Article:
April 22, 2018

Herons and Egrets

Herons used to be an unusual  bird sighting, but this has changed possibly over the last few years due to the presence of RSPB Burton Point and heronry on the adjacent farmland. A couple of weeks ago you could count the egrets and herons in double figures along the front in Parkgate as  large digger was expanding the drainage ditches and stacking huge mounds of silt and mud along the edge near the main road.  A white stork has been seen checking out the heronry area at Burton Mere also.

Spring has sprung at last and is moving so fast that it is almost impossible to keep up with the blossoming and the birding.  Everything is happening at once, instead of a gradual progression and procession through the season  of the daily changes.

Wood Anemone

White Wood Anemone has joined the yellow Celandine on the woodland floor. Tree blossom and catkins have arrived together, whilst wall bearing Aubretia very late on the scene has blossomed  overnight.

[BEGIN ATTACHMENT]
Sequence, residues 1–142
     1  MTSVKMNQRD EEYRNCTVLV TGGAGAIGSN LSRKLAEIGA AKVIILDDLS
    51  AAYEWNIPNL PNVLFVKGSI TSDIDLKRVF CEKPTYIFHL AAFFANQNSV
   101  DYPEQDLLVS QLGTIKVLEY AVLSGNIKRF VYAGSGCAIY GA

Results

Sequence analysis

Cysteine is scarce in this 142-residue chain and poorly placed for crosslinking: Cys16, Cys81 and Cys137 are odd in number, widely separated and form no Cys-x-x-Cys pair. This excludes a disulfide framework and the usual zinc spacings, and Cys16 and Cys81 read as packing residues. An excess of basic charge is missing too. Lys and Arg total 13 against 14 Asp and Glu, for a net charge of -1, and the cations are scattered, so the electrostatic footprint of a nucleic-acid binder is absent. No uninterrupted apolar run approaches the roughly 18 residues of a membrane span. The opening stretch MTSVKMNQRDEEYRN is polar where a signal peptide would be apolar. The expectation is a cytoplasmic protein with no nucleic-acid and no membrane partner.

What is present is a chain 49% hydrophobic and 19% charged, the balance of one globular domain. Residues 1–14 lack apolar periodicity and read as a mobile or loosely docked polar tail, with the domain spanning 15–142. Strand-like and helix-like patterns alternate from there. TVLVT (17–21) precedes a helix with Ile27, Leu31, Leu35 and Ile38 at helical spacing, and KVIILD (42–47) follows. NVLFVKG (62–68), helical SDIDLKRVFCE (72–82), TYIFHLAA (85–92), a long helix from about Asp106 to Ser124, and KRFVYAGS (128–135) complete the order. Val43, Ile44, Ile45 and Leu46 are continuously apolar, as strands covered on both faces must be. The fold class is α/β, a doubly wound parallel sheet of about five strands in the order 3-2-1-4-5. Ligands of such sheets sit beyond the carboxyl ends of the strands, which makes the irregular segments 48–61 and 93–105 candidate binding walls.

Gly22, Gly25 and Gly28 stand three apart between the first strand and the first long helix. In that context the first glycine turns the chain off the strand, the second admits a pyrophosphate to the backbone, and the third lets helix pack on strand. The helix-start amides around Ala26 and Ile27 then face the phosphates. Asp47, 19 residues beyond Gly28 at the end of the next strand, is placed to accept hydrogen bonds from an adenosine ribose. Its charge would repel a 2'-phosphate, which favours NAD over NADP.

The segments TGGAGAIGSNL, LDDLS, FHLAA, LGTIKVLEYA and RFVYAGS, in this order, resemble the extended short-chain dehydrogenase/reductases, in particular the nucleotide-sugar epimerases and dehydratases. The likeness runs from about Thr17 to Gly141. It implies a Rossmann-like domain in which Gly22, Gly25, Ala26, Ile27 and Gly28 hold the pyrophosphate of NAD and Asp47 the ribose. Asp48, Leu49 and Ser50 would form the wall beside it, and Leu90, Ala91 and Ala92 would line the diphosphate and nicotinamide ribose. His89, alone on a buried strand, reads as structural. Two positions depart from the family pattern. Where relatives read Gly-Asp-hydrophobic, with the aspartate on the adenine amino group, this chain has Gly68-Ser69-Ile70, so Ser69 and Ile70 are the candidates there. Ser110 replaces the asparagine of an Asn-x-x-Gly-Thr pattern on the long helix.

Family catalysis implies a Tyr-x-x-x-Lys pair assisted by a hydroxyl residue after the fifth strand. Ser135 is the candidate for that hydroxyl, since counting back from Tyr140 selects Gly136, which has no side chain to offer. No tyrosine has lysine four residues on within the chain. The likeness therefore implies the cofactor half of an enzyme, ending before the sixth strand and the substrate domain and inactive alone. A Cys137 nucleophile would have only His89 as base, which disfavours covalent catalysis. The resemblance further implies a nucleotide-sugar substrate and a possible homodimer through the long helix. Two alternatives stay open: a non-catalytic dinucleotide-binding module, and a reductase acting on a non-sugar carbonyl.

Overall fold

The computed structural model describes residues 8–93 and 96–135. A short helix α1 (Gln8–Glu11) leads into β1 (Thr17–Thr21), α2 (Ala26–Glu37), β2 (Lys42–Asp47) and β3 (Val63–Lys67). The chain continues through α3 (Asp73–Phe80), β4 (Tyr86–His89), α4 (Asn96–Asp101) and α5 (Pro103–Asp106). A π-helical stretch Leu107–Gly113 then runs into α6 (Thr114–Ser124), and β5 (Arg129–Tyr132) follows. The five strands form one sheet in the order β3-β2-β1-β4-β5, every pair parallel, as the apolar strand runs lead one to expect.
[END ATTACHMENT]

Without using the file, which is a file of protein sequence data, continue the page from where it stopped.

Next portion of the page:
The Blue tits have been sitting on their eggs for over a week now.  They amazingly can hold back the development of their clutch until the right conditions arrive for feeding their chicks. Male birds seem to be very attentive partners and fathers going by the actions of our nesting pair in the garden.

Primroses have done really well this late spring

Jackdaws have been noisily collecting moss off the roof for the lining of their nests and being very fussy about it,  going by the bits jettisoned all over the side path. Whilst Magpies are already sitting on egg in their large handbag nests.  (You can just see the tips of tails sticking out of the tops.)   Just this week I discovered my first a sparrowhawks nest which has just been built, so will hopefully have some pictures here soon. 

I appreciate one Swallow does not make a summer but walking along the marshes at Parkgate we saw four so summer is coming.  House Martins and Sand Martins are also appearing aerobatically  chasing insects.